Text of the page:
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Country: France
Region: Languedoc-Roussillon
{{ #if: Logo-nimes.jpg|Blason of the City|}}
More Information:
CS Group Wikipedia

{{ #if: |[[:wikivoyage:{{{wikitravel}}}|Wikivoyage]]}} {{ #if: Nîmes|Wikivoyage}}

{{#if:CS Ambassadors in the Area|style="background:#eeeeF7;text-align:center;font-size:110%;border:1px solid #a3bfb1" colspan="3"| City-Ambassadors:
CS Ambassadors in the Area|}}

Nimes is a city in France situated in the Region Languedoc-Roussillon, near Montpellier and Arles. Roman and Hispanic and with contributions from the Camargue and the Cévennes, the Languedoc and Provence, Nîmes is a city of all accents! It has been fashioned for over 2000 years by southern sunshine, wind and various influences. Set at the crossroads of history and human relations' (Christian Liger), it has lived the history of Europe intensely. And although it has many influences and paradoxes, its personality is unique. Welcome. Secretive Nîmes will open its heart to you.


The city derives its name from that of a spring, Nemausus, in the Roman village. The contemporary symbol and shield of the city of Nîmes includes a crocodile chained to a palm tree with the inscription 'COLNEM', an abbreviation of 'Colonia Nemausus', meaning the 'colony' or 'settlement' of Nemausus. Veterans of the Roman legions who had served Julius Caesar in his Nile campaigns, at the end of fifteen years of soldiering, were given plots of land to cultivate on the plain of Nîmes. Nîmes was located on the Via Domitia, a Roman road constructed in 118 BC which connected Italy to Spain. The site on which the built-up area of Nîmes has become established in the course of centuries is part of the edge of the alluvial plain of the Vistrenque River which butts up against low hills: to the northeast, the Mt. Duplan; to the southwest, Montaury; to the west, Mt. Cavalier and the knoll of Canteduc.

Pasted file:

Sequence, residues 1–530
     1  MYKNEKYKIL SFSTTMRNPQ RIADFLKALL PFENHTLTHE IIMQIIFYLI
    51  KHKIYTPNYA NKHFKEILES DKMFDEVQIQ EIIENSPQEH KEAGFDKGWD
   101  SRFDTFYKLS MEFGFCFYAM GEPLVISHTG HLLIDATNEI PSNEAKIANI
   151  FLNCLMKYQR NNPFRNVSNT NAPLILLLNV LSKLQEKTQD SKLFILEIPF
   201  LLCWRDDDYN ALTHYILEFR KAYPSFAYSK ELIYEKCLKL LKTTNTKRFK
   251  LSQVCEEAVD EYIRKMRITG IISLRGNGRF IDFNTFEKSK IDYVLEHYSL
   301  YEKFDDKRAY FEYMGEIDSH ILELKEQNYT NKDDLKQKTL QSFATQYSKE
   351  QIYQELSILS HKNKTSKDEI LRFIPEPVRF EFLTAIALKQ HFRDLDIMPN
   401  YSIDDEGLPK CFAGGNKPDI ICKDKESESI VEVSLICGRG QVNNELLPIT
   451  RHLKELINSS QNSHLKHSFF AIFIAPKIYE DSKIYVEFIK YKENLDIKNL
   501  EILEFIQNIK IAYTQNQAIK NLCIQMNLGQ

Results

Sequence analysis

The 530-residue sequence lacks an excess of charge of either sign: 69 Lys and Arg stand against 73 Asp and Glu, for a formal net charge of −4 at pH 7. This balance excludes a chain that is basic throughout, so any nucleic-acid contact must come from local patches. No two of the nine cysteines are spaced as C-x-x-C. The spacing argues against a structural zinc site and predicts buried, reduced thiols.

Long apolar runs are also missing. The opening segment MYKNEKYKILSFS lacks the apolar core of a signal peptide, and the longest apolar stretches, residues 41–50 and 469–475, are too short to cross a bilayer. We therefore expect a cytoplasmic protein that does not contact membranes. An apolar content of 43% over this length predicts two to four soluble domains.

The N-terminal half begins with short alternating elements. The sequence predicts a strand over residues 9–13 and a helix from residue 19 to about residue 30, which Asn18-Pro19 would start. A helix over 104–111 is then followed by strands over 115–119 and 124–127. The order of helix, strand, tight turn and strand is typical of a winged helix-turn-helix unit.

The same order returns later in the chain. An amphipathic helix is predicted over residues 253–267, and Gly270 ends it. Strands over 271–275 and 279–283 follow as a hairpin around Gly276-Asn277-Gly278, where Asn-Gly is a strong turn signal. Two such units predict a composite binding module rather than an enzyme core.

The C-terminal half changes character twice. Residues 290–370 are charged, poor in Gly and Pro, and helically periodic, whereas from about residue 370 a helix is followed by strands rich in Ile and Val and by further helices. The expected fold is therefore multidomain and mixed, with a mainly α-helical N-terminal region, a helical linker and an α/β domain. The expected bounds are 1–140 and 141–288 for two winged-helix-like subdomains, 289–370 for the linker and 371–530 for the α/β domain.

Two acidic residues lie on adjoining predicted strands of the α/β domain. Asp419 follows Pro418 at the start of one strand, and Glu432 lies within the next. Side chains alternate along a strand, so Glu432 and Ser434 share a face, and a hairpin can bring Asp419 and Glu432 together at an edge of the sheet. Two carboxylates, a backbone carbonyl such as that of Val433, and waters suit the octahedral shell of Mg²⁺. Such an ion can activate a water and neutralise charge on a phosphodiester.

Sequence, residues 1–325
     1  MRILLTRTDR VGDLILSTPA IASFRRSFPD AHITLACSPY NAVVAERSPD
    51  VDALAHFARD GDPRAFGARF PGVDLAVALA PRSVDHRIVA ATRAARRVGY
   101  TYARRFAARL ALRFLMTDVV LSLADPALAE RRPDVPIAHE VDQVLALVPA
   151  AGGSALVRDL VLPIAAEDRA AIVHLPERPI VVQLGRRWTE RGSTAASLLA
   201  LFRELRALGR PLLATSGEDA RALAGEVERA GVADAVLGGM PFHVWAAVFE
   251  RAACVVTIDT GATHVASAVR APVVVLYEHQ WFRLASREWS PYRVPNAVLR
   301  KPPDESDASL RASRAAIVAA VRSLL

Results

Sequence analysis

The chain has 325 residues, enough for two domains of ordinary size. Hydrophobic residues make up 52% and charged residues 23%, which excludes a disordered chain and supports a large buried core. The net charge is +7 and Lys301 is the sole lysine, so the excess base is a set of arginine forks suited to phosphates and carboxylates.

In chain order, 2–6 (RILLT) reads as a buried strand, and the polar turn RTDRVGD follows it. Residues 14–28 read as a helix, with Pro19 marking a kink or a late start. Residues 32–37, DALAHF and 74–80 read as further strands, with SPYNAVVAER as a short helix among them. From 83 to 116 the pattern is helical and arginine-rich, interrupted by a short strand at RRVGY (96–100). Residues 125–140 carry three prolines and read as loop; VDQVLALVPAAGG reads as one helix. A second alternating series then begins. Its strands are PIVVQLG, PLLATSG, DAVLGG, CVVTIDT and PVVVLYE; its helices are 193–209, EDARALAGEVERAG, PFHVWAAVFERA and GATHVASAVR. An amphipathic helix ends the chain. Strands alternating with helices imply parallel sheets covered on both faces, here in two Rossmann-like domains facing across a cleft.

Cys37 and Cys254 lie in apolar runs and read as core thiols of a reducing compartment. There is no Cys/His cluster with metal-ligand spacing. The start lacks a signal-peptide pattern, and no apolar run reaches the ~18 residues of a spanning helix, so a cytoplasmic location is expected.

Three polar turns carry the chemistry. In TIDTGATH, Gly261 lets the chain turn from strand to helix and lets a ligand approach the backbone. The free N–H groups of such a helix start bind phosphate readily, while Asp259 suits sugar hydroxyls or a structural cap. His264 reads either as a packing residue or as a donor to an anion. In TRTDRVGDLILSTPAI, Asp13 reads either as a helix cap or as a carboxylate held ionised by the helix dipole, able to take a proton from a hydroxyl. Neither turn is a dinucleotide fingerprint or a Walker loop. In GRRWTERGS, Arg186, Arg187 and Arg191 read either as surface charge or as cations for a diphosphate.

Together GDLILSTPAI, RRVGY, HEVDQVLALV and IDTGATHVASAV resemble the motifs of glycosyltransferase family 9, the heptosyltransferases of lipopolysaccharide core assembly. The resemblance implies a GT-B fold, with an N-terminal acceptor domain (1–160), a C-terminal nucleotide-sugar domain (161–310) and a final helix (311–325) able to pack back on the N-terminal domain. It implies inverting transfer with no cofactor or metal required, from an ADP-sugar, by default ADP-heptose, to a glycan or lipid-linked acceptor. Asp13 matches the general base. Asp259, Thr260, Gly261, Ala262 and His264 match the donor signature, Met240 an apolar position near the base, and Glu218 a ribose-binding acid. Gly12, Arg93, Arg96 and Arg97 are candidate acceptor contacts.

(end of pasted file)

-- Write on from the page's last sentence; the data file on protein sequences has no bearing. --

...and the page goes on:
The site known as Serre Paradis belongs to the New Stone Age (Neolithic). It reveals the presence of semi-nomadic cultivators in the period 4000 to 3500 BC on the future site of Nîmes. The population of the site increased during the thousand-year period of the Bronze Age. The menhir of Courbessac (or La Poudriere) stands in a field, near the airstrip. This limestone monolith of over two metres in height dates to about 2500 BC, and must be considered the oldest monument of Nîmes. The Warrior of Grezan is considered to be the most ancient indigenous sculpture in southern Gaul.[citation needed] The hill named Mt. Cavalier was the site of the early oppidum, which gave birth to the city. During the third and second centuries BC a surrounding wall was built, closed at the summit by a dry-stone tower, which was later incorporated into the masonry of The Tour Magne. The Wars of Gaul and the fall of Marseille (49 BC) allowed Nîmes to regain its autonomy under Rome.